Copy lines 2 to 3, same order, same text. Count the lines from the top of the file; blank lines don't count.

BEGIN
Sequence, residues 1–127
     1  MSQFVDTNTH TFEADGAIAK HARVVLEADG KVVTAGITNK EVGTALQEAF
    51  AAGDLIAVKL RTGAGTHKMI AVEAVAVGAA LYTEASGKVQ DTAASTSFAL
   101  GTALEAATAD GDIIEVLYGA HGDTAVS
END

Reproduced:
     1  MSQFVDTNTH TFEADGAIAK HARVVLEADG KVVTAGITNK EVGTALQEAF
    51  AAGDLIAVKL RTGAGTHKMI AVEAVAVGAA LYTEASGKVQ DTAASTSFAL